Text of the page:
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Explore Seasonal Pricing Trends for Low Commercial Energy Rates

Shopping for a cost-effective business energy plan is no easy task. Between comparing retail energy providers and contract terms to understanding volatile pricing dynamics, energy shopping can be overwhelming. While some aspects of the energy industry are completely out of our control, understanding pricing trends provides some clarity. Understanding seasonal energy pricing trends empowers businesses to be proactive in finding the lowest energy rates on the market.  

What Seasons Have the Lowest Energy Prices?

Energy demand and energy pricing go hand-in-hand. The milder energy demands of spring result in low commercial electricity prices. On the other hand, the low energy demands of fall result in lower natural gas prices. As a general rule, energy prices increase as energy demands increase. That’s why it’s best to avoid shopping for energy during the peak heating and cooling demands of summer and winter.

Spring and summer electricity pricing trends

The biggest factors affecting warm weather energy prices are increased usage of air conditioning and fans. Nearly half of the energy consumed at a home or business goes towards heating and cooling. As temperatures jump off the charts, businesses and homeowners start cranking up their HVAC systems.  

When everyone puts significant demands on the electrical grid, energy prices increase. Late May through early September are often the most expensive months for electricity bills. As early fall weather starts to break around Labor Day, energy prices finally lower to a more stable level.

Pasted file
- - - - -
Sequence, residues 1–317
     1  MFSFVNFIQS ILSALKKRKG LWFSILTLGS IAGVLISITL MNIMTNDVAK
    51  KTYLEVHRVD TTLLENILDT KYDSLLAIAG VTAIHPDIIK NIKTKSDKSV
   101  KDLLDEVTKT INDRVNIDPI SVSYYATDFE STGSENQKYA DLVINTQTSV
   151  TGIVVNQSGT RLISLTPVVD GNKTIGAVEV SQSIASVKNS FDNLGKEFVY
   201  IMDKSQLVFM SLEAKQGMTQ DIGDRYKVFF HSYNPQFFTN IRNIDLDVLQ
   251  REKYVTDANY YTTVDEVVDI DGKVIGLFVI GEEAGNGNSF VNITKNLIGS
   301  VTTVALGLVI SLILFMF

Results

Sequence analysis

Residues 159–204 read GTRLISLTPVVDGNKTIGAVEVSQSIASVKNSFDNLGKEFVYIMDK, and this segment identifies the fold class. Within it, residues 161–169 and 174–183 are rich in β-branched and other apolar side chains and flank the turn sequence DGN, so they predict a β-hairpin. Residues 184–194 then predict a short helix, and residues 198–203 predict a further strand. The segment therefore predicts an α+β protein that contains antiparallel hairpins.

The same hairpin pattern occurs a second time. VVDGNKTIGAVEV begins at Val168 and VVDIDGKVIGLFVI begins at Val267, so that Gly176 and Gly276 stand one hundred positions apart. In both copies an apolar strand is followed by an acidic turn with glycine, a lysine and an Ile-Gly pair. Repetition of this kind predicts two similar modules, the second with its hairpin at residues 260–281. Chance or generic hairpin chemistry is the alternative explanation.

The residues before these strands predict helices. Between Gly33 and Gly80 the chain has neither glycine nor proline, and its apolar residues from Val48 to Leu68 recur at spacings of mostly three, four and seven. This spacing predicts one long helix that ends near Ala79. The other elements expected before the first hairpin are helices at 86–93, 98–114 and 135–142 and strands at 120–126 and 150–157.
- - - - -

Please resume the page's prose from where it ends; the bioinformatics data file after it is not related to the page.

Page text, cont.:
Fall and winter natural gas pricing trends 

While electricity is particularly volatile in scorching summer months, natural gas prices increase as temperatures begin to drop. Natural gas consumers are likely to notice a short dip in prices at the beginning of September. This brief decrease in pricing in late August to Mid-September is an annual trend. Each year the fall natural gas pricing decrease occurs as suppliers make the switch from expensive summer-grade gas to less expensive winter-grade gas. This small pocket of time can be ideal for locking in a low natural gas rate before increased heating demand affects rates.  

About 60% of the United States use natural gas for space heating, cooling, and cooking. As temperatures begin to drop, the demand for heating and warm meals increases. On average, Mid-September through February are the peak winter months for gas pricing in the United States. However, this can fluctuate depending on your specific climate. Colder states will feel the sting of winter pricing sooner than more moderate climates. 

Do Energy Rates Change Throughout the Day?

Did you know energy rates can change depending on the time of day? Daily electricity demands can affect your energy bill as well, especially if you’re on a variable rate plan. High electricity demands can affect the cost of supplying energy to consumers. Daily pricing fluctuations are typically reflected in energy bills as demand charges and time-of-use rates. These unexpected fees on your bills exist to encourage customers to consume energy during less demanding times. Understanding when these extra fees occur can help you lower your monthly utility bills. 

What are the demand charges on my energy bill?

Commercial electrical demand charges are fees businesses pay based on the highest amount of electricity they use within a set period, typically measured in kilowatts (kW). It’s like paying a premium for the peak amount of energy you need, regardless of how much you use overall. Essentially, the more energy you consume during their demand charge interval, the higher the demand charge will be.